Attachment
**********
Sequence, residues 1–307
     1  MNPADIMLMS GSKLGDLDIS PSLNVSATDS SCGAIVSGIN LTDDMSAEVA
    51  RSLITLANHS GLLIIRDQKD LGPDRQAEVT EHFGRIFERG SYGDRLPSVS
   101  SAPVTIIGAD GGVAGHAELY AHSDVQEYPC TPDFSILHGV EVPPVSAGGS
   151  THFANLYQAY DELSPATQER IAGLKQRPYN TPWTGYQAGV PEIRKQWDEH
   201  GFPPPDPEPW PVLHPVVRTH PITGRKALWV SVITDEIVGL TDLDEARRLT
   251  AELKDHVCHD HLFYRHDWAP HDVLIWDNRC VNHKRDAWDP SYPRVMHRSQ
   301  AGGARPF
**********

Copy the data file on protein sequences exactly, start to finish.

Sequence, residues 1–307
     1  MNPADIMLMS GSKLGDLDIS PSLNVSATDS SCGAIVSGIN LTDDMSAEVA
    51  RSLITLANHS GLLIIRDQKD LGPDRQAEVT EHFGRIFERG SYGDRLPSVS
   101  SAPVTIIGAD GGVAGHAELY AHSDVQEYPC TPDFSILHGV EVPPVSAGGS
   151  THFANLYQAY DELSPATQER IAGLKQRPYN TPWTGYQAGV PEIRKQWDEH
   201  GFPPPDPEPW PVLHPVVRTH PITGRKALWV SVITDEIVGL TDLDEARRLT
   251  AELKDHVCHD HLFYRHDWAP HDVLIWDNRC VNHKRDAWDP SYPRVMHRSQ
   301  AGGARPF